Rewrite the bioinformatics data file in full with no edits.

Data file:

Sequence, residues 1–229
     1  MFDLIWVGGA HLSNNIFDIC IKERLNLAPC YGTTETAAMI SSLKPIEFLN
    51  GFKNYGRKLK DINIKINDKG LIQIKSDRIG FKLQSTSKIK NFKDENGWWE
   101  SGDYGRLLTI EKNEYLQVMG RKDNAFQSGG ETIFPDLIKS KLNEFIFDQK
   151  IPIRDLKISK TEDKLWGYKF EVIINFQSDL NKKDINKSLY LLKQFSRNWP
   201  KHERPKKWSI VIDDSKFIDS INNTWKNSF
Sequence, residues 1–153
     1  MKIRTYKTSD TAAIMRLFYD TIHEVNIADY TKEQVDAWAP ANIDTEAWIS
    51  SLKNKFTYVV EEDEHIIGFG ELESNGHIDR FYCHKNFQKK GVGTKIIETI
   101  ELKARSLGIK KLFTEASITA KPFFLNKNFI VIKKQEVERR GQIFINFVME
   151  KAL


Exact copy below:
Sequence, residues 1–229
     1  MFDLIWVGGA HLSNNIFDIC IKERLNLAPC YGTTETAAMI SSLKPIEFLN
    51  GFKNYGRKLK DINIKINDKG LIQIKSDRIG FKLQSTSKIK NFKDENGWWE
   101  SGDYGRLLTI EKNEYLQVMG RKDNAFQSGG ETIFPDLIKS KLNEFIFDQK
   151  IPIRDLKISK TEDKLWGYKF EVIINFQSDL NKKDINKSLY LLKQFSRNWP
   201  KHERPKKWSI VIDDSKFIDS INNTWKNSF
Sequence, residues 1–153
     1  MKIRTYKTSD TAAIMRLFYD TIHEVNIADY TKEQVDAWAP ANIDTEAWIS
    51  SLKNKFTYVV EEDEHIIGFG ELESNGHIDR FYCHKNFQKK GVGTKIIETI
   101  ELKARSLGIK KLFTEASITA KPFFLNKNFI VIKKQEVERR GQIFINFVME
   151  KAL